From catchy lip-syncing clips to foot-tapping dance shorts, the craze over those fleeting, TikTok-style 60-second videos shows no sign of abating. Much to the relief of an attention-deficit audience, after the ban on TikTok, other platforms scrambled to fill the void. According to a report, the Indian short-form video market now stands to reach up to $8-12 billion by 2030.
“A short clip is way more addictive because it gives instant gratification to a teenager,” says US-based Indian-origin student Saina Sodhi, who came up with her own video-sharing app, TheekThaak, after TikTok was banned in India in 2020. She knowingly points out, “Such short clips milk our short attention span. But these can also be a very powerful educational tool. I have come across people who have learnt far more things from such videos than they have through watching documentaries.”
Nikhil Nair (24), a Panchkula-based content creator, says, “I mostly create short, fun and relatable videos. As an actor, I just observe life and incorporate that in my videos.” He admits that reels have helped him reach a bigger audience. “My first reel that went viral has been recreated over three lakh times. Even celebrities like Tiger Shroff and Karishma Tanna recreated it using the audio (of my reel).”
“Everything has become fast-paced, so why not entertainment?” quips Nair, when asked about the growing popularity of short-form videos.
Digital content creator and actor Kishen Das (25), who has been creating content for around seven years now, shares, “It all started with vines. But I later moved to YouTube.”
Notably, if a trend report by Good Creator Co. is anything to go by, the average number of new content creators has more than doubled since the global deployment of YouTube Shorts in 2021 and the 2020 launch of Shorts in India. Videos that are 15 seconds or longer garner the most views.
Das, who makes short sketches to tickle the funny bone on his YouTube channel (@kishendasyoutube), shares, “I had recently made a video about Koffee with Karan, which racked up over three million views and earned a response from Johar himself.”
Anisha Dixit (31), who has been creating content for around a decade, recalls, “I started making reels the moment those were introduced in India in 2020. I was also among the first creators to get access to the Shorts feature.” Dixit, who has a YouTube channel (@rickshawali) which boasts of 3.05 million subscribers, says, “I make funny videos that people can relate to. My series ‘Normal vs Psycopath’ has gained a lot of traction.” In the beginning, she used to make seven or 10-minute videos every week. “But the attention span of viewers has shrunk over the years.”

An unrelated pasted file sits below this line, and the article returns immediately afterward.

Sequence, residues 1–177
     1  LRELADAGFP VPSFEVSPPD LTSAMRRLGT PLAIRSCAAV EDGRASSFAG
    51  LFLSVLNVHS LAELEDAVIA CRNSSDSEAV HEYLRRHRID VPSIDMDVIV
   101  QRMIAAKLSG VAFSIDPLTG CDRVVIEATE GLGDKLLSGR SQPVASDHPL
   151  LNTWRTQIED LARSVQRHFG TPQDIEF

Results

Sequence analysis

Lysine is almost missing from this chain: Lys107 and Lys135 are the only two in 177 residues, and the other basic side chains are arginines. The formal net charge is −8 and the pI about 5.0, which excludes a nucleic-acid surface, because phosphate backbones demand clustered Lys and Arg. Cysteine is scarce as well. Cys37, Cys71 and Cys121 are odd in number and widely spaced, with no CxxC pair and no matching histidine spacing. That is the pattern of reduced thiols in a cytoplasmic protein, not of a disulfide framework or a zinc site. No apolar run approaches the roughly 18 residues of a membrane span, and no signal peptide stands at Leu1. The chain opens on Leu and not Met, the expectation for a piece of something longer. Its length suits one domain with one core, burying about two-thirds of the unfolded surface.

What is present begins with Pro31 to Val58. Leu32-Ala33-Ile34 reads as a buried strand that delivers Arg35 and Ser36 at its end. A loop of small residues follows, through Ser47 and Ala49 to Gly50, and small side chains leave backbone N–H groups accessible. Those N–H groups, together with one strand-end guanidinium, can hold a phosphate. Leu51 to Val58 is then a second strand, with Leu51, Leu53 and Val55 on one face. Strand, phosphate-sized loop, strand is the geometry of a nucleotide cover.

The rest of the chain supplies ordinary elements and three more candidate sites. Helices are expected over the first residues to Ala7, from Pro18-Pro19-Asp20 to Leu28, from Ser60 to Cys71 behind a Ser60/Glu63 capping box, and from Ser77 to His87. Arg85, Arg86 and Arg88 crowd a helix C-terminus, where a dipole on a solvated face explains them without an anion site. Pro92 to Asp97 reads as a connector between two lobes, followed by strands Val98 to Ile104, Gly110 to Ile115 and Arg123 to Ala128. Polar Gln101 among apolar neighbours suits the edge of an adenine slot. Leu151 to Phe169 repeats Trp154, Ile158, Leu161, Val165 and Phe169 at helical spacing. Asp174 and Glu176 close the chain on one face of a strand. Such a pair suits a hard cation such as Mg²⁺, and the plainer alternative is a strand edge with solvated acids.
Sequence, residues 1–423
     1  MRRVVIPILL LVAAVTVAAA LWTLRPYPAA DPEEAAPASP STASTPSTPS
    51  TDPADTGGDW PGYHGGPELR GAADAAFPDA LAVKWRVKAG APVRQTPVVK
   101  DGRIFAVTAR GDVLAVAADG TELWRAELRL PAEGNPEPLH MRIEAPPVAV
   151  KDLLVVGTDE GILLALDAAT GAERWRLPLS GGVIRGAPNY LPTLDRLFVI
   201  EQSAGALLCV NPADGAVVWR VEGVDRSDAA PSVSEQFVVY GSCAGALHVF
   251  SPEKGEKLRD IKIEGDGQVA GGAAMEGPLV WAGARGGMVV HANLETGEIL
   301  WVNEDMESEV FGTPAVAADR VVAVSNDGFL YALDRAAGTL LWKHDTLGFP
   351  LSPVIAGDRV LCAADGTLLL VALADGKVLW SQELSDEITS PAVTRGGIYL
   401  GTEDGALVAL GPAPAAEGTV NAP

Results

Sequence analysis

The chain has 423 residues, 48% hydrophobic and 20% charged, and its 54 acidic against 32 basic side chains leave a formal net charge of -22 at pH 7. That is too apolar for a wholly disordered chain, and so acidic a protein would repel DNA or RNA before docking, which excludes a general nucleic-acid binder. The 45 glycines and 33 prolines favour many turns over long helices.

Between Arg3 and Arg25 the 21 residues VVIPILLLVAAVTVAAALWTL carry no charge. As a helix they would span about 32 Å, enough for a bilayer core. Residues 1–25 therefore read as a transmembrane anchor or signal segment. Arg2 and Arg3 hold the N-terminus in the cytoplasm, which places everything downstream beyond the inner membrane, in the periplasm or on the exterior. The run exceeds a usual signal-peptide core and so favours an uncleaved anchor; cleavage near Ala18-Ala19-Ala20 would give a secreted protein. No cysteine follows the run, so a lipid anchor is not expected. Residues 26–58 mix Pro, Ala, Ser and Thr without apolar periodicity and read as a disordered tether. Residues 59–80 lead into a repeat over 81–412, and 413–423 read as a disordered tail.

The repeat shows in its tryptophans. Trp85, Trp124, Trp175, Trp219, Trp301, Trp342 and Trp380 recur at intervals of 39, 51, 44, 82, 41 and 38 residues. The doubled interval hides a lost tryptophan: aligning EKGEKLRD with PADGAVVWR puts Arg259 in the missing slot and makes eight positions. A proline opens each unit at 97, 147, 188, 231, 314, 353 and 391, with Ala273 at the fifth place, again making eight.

Mohak Narang (22), who has 4.07 million subscribers on his YouTube channel (@MohakNarang), echoes that sentiment: “People do not have the luxury of time to consume long-form content. As soon as reels were launched, I saw it as an opportunity to boost my following.” He says his average viewer falls in the 13-25 year age group. He adds, “Earlier, I used to make couple content, but I shifted gears, and started making content on fashion, fitness and lifestyle. I believe we are in a new era of content creation.” He, however, rues that it takes just as much effort to make a 10-minute video as it does to make a short clip. “The YouTube revenue policy for Shorts creators is not fair,” he says.
Agam Verma, a post-graduate student of philosophy at Panjab University, says he watches reels made by fashion or wardrobe stylists to keep abreast of latest trends in India and overseas.
Medhna Chauhan, a Chandigarh-based student, enjoys watching clips of dogs and cats. “I spend half an hour watching such videos daily.”
“As a student, I have to devote time to my studies, so I cannot create content every day,” says Shreya Sahani, a final-year MSc (Biotechnology) student at a private university in Mohali, who has been creating content for young adults. She says the youth’s affinity for social media has contributed to the popularity of short-form videos.
Dr Priti Arun, head of the Department of Psychiatry at GMCH-32, says, “Youngsters do not have a sufficient attention span. And since the pandemic, people have taken to the digital mode. Since these YouTube Shorts are not longer than a minute, youngsters easily get hooked on to them. When a video is so captivating and is shorter than a minute, you tend to watch the whole thing, and do not feel guilty about watching it.”
Dr Simmi Waraich, consultant psychiatrist, Fortis, warns, “Many people often spend far more time than intended scrolling through YouTube Shorts and Instagram reels. You know you have a problem when the time you spend on these things eats into the time meant for other activities.”
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